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Album reviews
God Has Nothing To Do With This Leave Him Out of It
Release year:
28 May 2020 / by Alex Ramsay (author)

Genres: Experimental Hip Hop, Horrorcore, 


On the opening track of God Has Nothing to Do With This Leave Him Out of It, Backxwash samples Ozzy Osbourne’s pained howls from the song that would ultimately give Black Sabbath their name. Osbourne’s cries are soon joined by a chorus of unintelligible whispers and a sickly beat, all coalescing into a bizarre, horrorcore introduction to the Montreal-based musician’s particular brand of hip-hop. While the convergence of horror and hip-hop has been explored by a plethora of artists, it’s less common for these artists to actually make music that sounds genuinely frightening. That’s where Backxwash comes in. 

From the above mentioned sample of Black Sabbath, to her use of “In Heaven” from David Lynch’s nightmarish horror film Eraserhead and even the album’s cover art which features a sketched out sigil that wouldn’t look out of place in the Blair Witch Project, horror is all over God Has Nothing to Do with This… For all of the grit and darkness however, Backxwash herself (also known as Ashanti Mutinta) has said on her Bandcamp that the album is “about my version of forgiveness and things that I need to face in order to reach my version of that”. Amidst the horror and darkness, catharsis and vulnerability is at the core of Backwash’s music. 

Over the hard hitting drums (sampled from Led Zeppelin’s ‘When the Levees Break’) on ‘Adolescence’, Muntinta admits: “Maybe I should go to therapy/ ‘cause keeping it inside is something that is eating me alive.” Throughout the project, Mutinta grapples with vital themes of queerness, religion and blackness while still anchoring these weighty ideas in the personal.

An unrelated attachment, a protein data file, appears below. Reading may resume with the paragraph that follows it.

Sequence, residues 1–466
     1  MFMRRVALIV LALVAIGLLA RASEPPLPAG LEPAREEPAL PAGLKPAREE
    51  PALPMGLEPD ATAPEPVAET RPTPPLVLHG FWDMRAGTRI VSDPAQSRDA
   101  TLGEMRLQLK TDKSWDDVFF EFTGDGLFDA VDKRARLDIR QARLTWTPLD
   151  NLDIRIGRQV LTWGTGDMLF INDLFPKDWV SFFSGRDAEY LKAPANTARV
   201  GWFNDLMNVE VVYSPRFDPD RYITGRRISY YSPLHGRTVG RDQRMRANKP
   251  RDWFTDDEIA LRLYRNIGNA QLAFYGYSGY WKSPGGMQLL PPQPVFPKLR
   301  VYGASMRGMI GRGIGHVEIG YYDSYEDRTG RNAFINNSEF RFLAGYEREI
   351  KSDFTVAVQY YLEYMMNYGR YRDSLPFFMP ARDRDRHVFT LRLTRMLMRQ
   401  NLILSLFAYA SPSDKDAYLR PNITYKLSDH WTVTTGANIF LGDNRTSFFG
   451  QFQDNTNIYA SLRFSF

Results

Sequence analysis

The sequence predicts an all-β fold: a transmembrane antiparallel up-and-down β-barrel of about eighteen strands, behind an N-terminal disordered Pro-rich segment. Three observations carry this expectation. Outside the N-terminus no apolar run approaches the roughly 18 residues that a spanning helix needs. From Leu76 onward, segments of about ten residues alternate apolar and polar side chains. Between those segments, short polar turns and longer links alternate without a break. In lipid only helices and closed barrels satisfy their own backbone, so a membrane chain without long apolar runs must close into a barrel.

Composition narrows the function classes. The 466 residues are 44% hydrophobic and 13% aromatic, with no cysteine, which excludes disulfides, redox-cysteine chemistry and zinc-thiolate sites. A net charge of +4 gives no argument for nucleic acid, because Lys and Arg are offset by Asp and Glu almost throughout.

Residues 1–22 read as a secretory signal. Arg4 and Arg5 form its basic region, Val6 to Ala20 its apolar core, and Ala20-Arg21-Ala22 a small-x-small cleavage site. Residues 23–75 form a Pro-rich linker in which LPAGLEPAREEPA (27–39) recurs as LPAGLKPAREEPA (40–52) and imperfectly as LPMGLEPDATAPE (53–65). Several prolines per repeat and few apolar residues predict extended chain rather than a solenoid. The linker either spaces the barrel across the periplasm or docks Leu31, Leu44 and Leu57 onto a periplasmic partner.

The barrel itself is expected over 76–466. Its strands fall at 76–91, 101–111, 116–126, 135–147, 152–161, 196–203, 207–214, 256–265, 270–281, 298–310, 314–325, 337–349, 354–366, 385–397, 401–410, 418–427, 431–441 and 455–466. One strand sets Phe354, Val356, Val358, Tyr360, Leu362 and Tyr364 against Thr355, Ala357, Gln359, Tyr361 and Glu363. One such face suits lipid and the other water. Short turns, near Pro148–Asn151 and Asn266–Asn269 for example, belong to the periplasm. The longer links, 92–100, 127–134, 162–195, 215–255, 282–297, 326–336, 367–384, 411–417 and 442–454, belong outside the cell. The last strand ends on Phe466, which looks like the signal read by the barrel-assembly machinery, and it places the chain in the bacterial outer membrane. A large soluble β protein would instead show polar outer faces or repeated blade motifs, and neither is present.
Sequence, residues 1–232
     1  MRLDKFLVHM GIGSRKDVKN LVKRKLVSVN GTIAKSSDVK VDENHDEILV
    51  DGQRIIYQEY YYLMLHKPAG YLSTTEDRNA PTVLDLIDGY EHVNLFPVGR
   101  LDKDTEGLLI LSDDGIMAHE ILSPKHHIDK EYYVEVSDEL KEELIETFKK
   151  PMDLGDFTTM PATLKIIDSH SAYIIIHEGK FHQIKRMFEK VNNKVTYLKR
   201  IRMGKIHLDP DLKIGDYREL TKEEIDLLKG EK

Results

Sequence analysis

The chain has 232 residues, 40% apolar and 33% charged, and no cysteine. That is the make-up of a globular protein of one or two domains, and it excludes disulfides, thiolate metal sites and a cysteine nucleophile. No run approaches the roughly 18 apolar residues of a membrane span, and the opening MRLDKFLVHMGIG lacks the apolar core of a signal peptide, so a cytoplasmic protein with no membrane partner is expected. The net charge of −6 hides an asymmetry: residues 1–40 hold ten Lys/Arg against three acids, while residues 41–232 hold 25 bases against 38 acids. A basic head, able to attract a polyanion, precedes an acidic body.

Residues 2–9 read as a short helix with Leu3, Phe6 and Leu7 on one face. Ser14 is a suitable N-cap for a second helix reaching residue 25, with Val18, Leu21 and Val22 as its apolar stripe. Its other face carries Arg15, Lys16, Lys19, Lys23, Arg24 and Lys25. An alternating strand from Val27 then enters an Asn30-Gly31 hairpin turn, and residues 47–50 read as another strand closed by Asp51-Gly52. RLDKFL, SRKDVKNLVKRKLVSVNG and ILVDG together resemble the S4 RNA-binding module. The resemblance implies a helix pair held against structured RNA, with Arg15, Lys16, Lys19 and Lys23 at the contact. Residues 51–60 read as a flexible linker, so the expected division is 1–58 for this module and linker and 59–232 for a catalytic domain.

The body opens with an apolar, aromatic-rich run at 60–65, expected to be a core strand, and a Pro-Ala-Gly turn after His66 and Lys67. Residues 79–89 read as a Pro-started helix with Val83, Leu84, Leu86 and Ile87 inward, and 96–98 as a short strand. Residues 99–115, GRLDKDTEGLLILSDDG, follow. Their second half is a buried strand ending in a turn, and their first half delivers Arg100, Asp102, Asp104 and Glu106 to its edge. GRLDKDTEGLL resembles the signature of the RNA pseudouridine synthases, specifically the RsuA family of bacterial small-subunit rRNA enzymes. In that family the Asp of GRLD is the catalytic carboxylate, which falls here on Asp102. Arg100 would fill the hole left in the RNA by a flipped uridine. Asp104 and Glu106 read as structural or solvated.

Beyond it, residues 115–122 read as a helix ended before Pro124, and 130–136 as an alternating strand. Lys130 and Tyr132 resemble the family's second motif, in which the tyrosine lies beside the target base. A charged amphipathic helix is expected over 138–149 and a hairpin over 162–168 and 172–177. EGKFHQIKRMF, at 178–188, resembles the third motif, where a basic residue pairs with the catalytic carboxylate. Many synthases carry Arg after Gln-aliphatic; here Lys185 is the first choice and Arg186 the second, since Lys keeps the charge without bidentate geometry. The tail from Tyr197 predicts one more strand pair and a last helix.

“I’m paranoid that everybody's out to try and get me/I’m looking over shoulders as I’m passin’ through the deli/maybe it’s my skin or maybe it’s the way I dress,” she shouts on ‘Into the Void’. 

Meanwhile, the album culminates with ‘Redemption’, a shockingly laid back closer which samples a sermon from bishop T.D Jakes: “When we don’t forgive, we pay a toll in our bodies,” he says over the song’s final moments. 

As intimate as Backxwash can get however, by no means does that mean she’s lost her ability to write - for lack of a better word - bangers. Every beat drop on “Black Magic’ sounds like Mutinta dropped Thor’s hammer while recording and ‘Spells’ has the sort of woozy noise rap beat that would sound at home on a JPEGMAFIA mixtape (coincidentally, each of these tracks feature a member of Toronto noise duo Black Dresses). 

If God Has Nothing Do With This... has any weaknesses, it’s that few of the tracks quite reach the heights of something like ‘Bad Juju’ from Backxwash’s previous album Deviancy or the titular song from 2018’s Black Sailor Moon. Instead, a consistency that those projects lacked is found here, with all 23 minutes feeling like an absolute necessity as Mutinta seeks clarity amidst the abrasive clangor of the music. 

This feels like a major entry in Backxwash’s discography and a honing of the sort of idiosyncratic punk rap that she has slowly mastered over the past few years. 


Rating: 8/10


The author

Alex Ramsay

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